Learning all you can about using bleach? Everyone has become more aware of disinfecting with the rise of the COVID-19 pandemic, with cleaning supplies running out throughout grocery stores. Cleaning your home, a section of a restaurant, or an entire facility is definitely a serious responsibility and can get overwhelming with all the information out there. Food handlers who have taken our online course and implement our food safety practices, however, have no need to panic because they already know how to best keep things clean inside-out, and coronavirus free.
Before you run out to buy industrial-grade bleach, you should know that cleaning with soap and warm water can be just as effective while being more practical. The World Health Organization (WHO) explains that soap disables the outer oily-like layer of the 2019-novel coronavirus, effectively killing it. This is especially important for dishes and other food utensils, which come into contact with people’s mouths as they eat. The steps of manual or mechanical dishwashing are also included in our course. Proper handwashing with soap is another essential step for protecting yourself and others.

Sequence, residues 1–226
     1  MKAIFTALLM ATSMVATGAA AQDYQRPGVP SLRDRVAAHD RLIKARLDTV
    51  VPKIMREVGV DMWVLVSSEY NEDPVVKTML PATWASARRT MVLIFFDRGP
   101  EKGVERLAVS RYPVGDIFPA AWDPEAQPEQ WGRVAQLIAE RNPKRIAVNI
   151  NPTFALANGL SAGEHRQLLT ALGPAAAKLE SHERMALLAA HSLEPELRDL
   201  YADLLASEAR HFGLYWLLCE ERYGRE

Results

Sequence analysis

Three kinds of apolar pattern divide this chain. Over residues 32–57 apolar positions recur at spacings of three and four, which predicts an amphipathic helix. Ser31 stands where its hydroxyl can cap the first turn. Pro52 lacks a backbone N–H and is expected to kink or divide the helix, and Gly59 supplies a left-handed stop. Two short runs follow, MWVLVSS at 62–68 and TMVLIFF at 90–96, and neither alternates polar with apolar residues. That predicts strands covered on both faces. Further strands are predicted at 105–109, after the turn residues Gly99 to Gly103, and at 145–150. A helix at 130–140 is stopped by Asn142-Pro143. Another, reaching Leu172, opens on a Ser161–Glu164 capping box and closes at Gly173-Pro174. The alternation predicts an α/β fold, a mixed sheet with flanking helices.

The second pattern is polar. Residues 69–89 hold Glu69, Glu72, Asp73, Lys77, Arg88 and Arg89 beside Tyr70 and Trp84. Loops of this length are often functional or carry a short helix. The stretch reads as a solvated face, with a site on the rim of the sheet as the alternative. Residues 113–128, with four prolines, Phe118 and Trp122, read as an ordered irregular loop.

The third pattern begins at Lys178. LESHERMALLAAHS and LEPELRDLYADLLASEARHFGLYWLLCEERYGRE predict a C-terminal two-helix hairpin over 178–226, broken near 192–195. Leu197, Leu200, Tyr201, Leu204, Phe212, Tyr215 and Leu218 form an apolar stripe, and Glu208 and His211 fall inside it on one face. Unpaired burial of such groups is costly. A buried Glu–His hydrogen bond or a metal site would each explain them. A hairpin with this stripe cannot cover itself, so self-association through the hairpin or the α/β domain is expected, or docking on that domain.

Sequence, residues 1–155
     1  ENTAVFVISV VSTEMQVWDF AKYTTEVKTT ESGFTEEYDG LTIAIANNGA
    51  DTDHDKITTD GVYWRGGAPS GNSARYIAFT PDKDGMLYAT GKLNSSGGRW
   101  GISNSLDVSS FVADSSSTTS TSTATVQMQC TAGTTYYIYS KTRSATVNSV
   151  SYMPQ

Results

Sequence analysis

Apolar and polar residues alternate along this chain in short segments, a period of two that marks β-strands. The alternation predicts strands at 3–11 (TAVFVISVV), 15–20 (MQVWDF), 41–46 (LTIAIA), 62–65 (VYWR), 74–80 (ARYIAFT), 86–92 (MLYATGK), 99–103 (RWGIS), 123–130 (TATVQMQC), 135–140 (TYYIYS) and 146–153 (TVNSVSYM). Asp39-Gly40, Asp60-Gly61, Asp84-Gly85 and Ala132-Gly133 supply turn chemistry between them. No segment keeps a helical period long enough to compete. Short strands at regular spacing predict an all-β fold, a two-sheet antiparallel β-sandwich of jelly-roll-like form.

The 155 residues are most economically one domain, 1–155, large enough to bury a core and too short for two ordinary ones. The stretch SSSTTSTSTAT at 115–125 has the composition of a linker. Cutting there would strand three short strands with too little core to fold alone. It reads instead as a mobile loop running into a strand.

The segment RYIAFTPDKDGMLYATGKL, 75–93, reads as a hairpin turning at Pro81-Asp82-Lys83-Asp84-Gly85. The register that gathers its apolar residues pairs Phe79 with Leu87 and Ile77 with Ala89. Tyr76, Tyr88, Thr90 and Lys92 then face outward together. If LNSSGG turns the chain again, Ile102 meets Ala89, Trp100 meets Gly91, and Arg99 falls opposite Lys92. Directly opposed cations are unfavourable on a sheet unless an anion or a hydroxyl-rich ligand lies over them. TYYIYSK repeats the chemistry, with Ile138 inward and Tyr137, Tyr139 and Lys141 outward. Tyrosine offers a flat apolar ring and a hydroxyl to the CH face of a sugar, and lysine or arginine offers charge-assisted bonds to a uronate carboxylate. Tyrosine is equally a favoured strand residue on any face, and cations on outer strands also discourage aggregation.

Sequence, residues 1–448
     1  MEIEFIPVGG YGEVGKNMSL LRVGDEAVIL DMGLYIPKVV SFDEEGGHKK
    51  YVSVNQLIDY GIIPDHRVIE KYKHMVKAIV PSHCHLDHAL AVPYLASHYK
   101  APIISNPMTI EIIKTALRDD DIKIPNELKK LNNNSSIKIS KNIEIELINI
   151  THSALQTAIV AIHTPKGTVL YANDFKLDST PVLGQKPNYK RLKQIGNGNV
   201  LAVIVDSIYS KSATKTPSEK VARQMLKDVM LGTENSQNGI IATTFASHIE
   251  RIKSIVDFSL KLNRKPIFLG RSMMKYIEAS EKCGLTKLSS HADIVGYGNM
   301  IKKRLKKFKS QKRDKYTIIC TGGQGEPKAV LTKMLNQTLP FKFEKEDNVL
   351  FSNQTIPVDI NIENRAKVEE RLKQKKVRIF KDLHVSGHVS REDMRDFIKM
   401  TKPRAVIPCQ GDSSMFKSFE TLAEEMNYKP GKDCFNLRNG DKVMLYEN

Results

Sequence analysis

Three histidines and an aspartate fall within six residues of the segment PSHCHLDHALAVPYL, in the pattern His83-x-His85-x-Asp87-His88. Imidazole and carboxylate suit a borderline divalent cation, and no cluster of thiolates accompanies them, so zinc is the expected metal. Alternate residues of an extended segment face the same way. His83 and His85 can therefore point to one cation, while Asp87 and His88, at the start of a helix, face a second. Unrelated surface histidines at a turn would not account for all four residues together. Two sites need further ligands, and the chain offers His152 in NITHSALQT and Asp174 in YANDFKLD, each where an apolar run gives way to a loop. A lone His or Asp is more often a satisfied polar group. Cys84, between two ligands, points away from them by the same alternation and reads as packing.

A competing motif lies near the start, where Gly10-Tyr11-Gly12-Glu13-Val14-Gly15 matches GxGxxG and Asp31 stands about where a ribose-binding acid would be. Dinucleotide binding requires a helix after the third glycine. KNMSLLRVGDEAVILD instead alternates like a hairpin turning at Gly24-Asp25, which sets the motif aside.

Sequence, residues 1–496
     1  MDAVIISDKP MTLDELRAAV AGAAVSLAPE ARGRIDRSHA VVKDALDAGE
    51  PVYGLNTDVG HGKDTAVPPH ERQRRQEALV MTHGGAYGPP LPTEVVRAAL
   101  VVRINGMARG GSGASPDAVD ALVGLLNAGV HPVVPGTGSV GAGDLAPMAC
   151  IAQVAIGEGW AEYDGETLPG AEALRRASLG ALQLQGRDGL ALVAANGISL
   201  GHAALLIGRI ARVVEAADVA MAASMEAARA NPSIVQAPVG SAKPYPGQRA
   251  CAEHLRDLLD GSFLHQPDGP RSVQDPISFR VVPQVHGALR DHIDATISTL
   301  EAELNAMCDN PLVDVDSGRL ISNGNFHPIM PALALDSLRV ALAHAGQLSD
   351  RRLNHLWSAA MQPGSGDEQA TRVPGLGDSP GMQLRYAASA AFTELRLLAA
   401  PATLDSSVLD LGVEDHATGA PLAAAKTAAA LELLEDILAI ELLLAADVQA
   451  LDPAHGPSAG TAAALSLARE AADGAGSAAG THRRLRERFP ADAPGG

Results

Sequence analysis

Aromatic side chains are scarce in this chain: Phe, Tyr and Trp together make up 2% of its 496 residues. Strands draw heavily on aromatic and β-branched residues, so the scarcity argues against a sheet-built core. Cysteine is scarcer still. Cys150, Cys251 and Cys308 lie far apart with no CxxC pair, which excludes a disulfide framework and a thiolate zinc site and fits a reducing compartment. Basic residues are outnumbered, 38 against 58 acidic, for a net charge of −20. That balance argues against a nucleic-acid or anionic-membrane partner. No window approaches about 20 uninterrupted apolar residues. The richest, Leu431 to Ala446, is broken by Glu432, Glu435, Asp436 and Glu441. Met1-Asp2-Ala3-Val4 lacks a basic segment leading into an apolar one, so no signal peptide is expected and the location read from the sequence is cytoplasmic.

As for sanitizing or disinfecting, you use cleaning products to reduce the presence of micro-organisms, coronaviruses being one of them. Cleaning products to use on surfaces would be common household cleaners that are essentially diluted quaternary ammonia, chlorine or bleach solutions. The required concentrations for these approved sanitizers vary province to province and are detailed in our course.
Sanitizing is especially important for frequent contact surfaces such as handles, tabletops and counters – and in restaurants, cash registers. The Public Health Agency of Canada also suggests using 70% alcohol wipes for electronic devices if they can handle the solution. Alcohol-based sanitizers work in very much the same way soap does and disables the virus.
Those who take our food handler course also learn how cleaning and sanitizing work together: you should never combine soap with a sanitizer like bleach, because this just weakens the sanitizer instead. Instead, rinse the item completely from the soap and use the sanitizer once no soap remains.
How often do you need to do all of this? Multi-service articles and work surfaces should be cleaned and sanitized after each use. The specifics might depend from location to location. The Public Health Agency states that your regular cleaning and sanitizing plan should suffice in general – and make sure to develop one if you find yours lacking in any of the above points. To learn all the details for cleaning and sanitizing procedures, be sure to sign up for our online food handler certification course!